Tag Archives: Additional Software

Media Player Classic Home Cinema

media-player-classic-homecinema

One of the most common problems I experience when playing movies and videos on my home PC is poor lip syncing caused by the sound and video not marrying up perfectly. Rather than performing any degree of troubleshooting I always fall back to the trusty player ‘Media Player Classic Home Theatre’ which despite a complete lack of both bells and whistles always performs admirably.

The user interface for Media Player Classic looks just like the old Windows Media Player 6.4 which was bundled with Windows ME and early versions of Windows XP. I expect few users to know this specific version off the top of their heads so simply refer back to the version in your memory that could be described as looking ‘particularly primitive and dated’.

There are no fancy skins, no modern looking icons and no ribbon style interface; what you simply get is a blank screen along with play, stop, pause, rewind and fast forward buttons, a volume control and a series of options running along the top of the application in an old school grey drop-down menu.

The compensation for the primitive looking interface is that the 3mb application is capable of playing a huge number of audio and video files without the need for any additional software or codecs. Out of the box Media Player Classic Home Theatre includes support for MPEG-1, MPEG-2 and MPEG-4, VCD, SVCD and DVD playback. It also has built-in codecs for LPCM, MP2, AC3 and DTS audio along with H.264 and VC-1 with DXVA support, DivX, Xvid, and Flash Video formats. Media Player Classic Home Theatre can also support Quicktime and Realtime formats with the use of additional software.

The player is based on the old Media Player Classic application which was being developed up until the original author ceased development back in 2006. In the last few years, asides from the name change, a number of new features have been integrated in to this new release including additional video decoders, several bug and vulnerability fixes and a 64-bit version for those with compatible versions of Windows Vista and Windows 7.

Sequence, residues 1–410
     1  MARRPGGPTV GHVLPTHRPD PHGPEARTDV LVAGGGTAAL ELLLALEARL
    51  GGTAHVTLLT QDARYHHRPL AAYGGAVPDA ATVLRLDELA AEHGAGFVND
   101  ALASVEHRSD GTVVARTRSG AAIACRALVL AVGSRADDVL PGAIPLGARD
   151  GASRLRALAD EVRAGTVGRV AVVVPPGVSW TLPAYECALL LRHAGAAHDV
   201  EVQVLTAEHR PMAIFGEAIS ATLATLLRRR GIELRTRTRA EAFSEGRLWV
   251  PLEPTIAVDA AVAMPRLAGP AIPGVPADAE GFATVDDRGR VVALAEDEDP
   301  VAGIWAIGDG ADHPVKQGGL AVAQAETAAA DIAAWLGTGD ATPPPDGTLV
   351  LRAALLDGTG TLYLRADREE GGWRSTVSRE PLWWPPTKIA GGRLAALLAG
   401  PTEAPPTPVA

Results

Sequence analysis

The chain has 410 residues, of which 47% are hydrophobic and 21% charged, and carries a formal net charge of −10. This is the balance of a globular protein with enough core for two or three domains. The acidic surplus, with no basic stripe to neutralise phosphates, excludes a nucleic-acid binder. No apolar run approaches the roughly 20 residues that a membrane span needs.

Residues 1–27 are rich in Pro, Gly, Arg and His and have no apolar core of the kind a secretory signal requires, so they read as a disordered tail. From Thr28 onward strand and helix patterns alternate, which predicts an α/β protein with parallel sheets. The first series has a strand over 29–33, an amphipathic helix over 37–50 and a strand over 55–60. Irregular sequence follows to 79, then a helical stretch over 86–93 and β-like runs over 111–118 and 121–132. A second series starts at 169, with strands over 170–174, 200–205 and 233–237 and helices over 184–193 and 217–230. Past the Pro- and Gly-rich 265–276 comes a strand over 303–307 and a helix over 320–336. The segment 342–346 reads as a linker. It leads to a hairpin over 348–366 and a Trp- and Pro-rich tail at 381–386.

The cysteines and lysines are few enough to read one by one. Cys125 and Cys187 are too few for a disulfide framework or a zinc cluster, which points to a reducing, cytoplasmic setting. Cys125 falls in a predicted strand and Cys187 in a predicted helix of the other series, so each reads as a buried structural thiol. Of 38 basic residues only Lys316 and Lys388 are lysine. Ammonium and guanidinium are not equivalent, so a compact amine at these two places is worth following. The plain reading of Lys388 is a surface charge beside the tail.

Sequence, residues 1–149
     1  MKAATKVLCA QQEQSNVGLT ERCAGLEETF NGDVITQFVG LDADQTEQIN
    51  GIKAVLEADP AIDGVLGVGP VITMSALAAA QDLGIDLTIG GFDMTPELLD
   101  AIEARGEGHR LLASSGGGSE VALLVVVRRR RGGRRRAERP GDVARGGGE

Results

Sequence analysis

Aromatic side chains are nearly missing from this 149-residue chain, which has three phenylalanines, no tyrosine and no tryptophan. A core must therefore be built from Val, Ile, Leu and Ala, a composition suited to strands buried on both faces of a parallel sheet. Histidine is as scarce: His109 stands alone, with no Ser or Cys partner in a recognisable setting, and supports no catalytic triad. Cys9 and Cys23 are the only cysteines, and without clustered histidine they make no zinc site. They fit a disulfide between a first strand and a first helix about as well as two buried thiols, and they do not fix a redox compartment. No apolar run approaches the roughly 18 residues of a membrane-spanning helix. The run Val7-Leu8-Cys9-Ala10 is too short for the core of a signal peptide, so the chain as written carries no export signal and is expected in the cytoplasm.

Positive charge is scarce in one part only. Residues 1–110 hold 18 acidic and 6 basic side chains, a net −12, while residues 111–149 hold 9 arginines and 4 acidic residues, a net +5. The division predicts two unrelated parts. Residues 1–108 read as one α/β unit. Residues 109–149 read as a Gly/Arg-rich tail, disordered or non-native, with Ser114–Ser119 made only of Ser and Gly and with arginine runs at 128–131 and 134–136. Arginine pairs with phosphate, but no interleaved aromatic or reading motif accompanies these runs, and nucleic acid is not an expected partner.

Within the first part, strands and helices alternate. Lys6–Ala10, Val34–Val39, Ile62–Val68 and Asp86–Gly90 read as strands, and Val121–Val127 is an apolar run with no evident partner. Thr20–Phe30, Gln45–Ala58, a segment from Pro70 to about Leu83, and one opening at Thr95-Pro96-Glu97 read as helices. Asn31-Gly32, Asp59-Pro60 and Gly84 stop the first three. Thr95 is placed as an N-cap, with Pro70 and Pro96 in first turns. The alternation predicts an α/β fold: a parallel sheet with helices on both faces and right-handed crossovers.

The main appeal to me has to be the sheer simplicity of the application; it will load in literally a second and rarely skips a frame or misses a beat. If I ever find myself in a situation where a more ‘advanced’ player is struggling then immediately I’ll load up MPC Home Cinema and on the same PC with the same video file the problems cease. The low resource requirement means that it’s suitable for use on low specification machines making it especially tempting for those that can’t run the latest version of Windows Media Player.

Downloading a copy will take literally a few seconds from https://mpc-hc.sourceforge.net/ and as with all good software it is free of charge and doesn’t include any advertising.

 

About the Author – Chris Holgate works for Refresh Cartridges who supply a wide range of printer cartridges including the Brother LC1100 at incredibly low prices.

Opera 9

opera-9

One would have thought that there was only a limited amount that could be done with an Internet browser but yet another alternative to Internet Explorer has just hit the market going under the name of Opera 9.Whilst not technically groundbreaking this new browser does offer a number of unique features that are not currently found in any other application which is why I thought it was worthy of inclusion in Click.

BitTorrent support: Opera 9 is the first mainstream browser to integrate BitTorrent support without any additional software.BitTorrent is a technology that uses distributed file networks to share large files such as movies over the Internet quickly and easily.Because you can download these files from multiple sources simultaneously it dramatically reduces your download times if used on a decent speed broadband connection.

Widgets: Opera 9 embraces AJAX technology by providing support for widgets which are tiny little programs with specific functionality.These small applications can include newsfeeds, games, multimedia applications and so forth.Time will tell quite how useful this feature will be in the long run.To download new widgets just visit widgets.opera.com.

The remaining features of the browser are pretty much standard to those used to using Firefox although current Internet Explorer users will still be in for a treat if they choose to upgrade as many of these features aren’t standard in IE.